alone in the park

alone in the dark

Congaree National Park in May 2020

Photo by Mac Stone.
congaree may 2020

Congaree National Park, in the middle of South Carolina, doesn’t conform to the typical picture that comes to mind when you think of a national park. It doesn’t have any of the expansive views, rugged terrain or pristine waters that define traditional park imagery. It is a small, flat, muddy swamp perpetually in the shade of a broad canopy. But what it lacks in glamour, it makes up for it with its incredible biodiversity. The reason this parcel of land became protected and ultimately elevated from a National Monument to a National Park is its unique old-growth forest and the many species of reptiles, birds, mammals, and insects that dwell within in abundance, including fireflies.

Snakes, yellow flies, and standing brown water are not considered the most beloved offerings of nature, and indeed Congaree welcomes only about 150,000 visitors per year, compared to the more than 12 millions who swarm the Great Smoky Mountains, one state over. But in recent years, an unusual influx of visitors in late May took the park’s staff by surprise, to the point that special access restrictions had to be put in place. The reason for this unexpected pilgrimage: increased media coverage for the singular display of synchronous fireflies of the Photuris frontalis species. This spectacle was of course the reason for my own visit request.

In May 2020, however, the global pandemic had the extraordinary effect of closing down some parks to the public completely, and Congaree was among them. But the park’s administration, and its Chief Scientist Dr David Shelley in particular, were eager to accommodate enthusiastic researchers, such as myself and my field partner Julie. So much so that, after an initial first contact and a quick tour of the premises, we were given the keys to the park, literally. To be precise, we were given the code to the paddle lock that kept the gate closed, and by gate I mean a modest 20-foot chain attached between two posts. Still, who can boast to have ever been granted exclusive access to no less than a National Park?

Maybe "exclusive" is a bit grandiose. On some evenings, a handful of photographers, journalists, and volunteers also populated the forest, although I’m not sure they had the same unlimited accreditation as ours. Nevertheless, on most nights Julie and I were the only human beings within park boundaries. In my book, that is no small honor.

But being all alone in a National Park, at night, is an intimidating thing, especially at a place like Congaree crawling with life and enveloped in darkness. On top of the spectacular light show that I was enjoying and studying, there was a formidable sound background, made of the very loud chorus of tree frogs and scattered by barn owls hoots and occasional creepy squawks from who-knows-what. And when silence resumes, the atmosphere was even more eerie. What if I were to step on a snaked while crossing the woods in the sparkling night? Could I get lost, swallowed by the obscurity? Was the ranger serious about alligators?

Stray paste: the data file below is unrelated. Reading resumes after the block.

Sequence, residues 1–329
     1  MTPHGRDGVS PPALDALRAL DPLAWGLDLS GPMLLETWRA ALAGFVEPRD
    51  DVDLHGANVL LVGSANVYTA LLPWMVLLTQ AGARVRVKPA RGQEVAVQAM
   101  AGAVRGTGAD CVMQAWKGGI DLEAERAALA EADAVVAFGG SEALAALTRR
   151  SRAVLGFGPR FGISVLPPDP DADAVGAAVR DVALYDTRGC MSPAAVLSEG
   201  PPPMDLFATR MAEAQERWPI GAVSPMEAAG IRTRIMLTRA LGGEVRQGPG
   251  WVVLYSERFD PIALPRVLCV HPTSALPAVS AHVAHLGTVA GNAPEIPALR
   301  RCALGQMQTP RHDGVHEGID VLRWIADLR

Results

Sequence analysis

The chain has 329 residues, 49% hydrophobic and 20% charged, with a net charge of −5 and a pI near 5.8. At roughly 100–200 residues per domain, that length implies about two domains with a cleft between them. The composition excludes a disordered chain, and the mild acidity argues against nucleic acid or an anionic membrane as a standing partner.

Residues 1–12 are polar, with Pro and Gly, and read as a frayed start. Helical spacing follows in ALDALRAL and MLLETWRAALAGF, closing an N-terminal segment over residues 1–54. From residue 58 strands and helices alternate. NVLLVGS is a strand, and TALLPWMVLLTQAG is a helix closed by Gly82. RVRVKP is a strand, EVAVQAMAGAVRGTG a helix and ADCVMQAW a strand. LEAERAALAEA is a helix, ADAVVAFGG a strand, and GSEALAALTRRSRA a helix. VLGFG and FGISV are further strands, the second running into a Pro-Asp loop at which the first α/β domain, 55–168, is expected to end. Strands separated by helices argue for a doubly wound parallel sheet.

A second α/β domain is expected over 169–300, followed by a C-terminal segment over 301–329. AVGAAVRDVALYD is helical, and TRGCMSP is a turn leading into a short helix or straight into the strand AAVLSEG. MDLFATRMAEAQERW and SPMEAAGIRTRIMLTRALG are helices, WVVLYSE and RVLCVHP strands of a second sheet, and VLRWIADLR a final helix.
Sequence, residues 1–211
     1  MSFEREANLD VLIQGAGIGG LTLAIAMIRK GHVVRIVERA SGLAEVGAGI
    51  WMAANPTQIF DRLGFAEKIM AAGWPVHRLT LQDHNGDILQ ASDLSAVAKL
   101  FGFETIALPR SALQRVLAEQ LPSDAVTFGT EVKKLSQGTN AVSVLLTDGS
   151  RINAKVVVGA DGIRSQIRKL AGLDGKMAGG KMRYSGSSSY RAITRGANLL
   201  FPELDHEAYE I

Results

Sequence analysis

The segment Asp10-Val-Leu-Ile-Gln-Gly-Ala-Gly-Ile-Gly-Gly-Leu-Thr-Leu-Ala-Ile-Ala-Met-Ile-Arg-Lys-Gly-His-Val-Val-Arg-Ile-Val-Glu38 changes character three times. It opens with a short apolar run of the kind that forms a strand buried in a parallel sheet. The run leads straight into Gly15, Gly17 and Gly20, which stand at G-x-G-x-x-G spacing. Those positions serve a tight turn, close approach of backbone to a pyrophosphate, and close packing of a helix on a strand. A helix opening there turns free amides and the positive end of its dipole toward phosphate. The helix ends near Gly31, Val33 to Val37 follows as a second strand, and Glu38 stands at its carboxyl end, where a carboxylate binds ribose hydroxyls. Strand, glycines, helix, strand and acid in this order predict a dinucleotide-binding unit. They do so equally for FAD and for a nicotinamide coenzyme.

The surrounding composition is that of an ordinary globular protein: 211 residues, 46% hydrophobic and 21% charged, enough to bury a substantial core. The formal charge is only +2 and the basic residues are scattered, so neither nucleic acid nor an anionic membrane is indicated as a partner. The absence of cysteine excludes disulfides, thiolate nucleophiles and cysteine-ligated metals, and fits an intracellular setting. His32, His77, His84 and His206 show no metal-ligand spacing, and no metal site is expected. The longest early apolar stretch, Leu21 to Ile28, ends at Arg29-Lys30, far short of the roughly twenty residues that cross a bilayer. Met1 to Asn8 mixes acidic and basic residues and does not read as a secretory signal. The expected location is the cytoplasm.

The most unsettling was still to come. As it happens a few times every year, heavy rains on the Smokies had found their way down to the plains and swollen the Congaree River. With merely a few feet of elevation gain over a couple miles, the still water flooded the park almost to the edge of the bluff and our experimental site. As a consequence, the large population of wild hogs, sturdy and nonchalant, had been forced to retreat as well to the edge of the forest, so much so that we found ourselves sharing the leftovers of the dry land. They are usually peaceful individuals, though not the most delicate nor alluring — to human taste. Nonetheless, a close encounter, or worse, a full-blown head-on collision, could have led to a misunderstanding, and in the eventuality of an altercation, I was unsure I would get the upper hand. I had been told they have poor vision, and so do I, hence bringing an accidental encounter winthin the realm of possibility.

It did not happen. Yet, I could often hear their nearby trampling and snorting. My senses on high alert, I would clap my hands and announce a loud "hello". Eventually, I think we simply got used to each other. Both indifferent neighbors, searching for meaning in the darkness of the woods.

Despite their limited sight, I often wondered what they might think of fireflies. Did they see them? Did they chase them? Did they appreciate them?

Big or small, one is never alone in nature.

blue ghost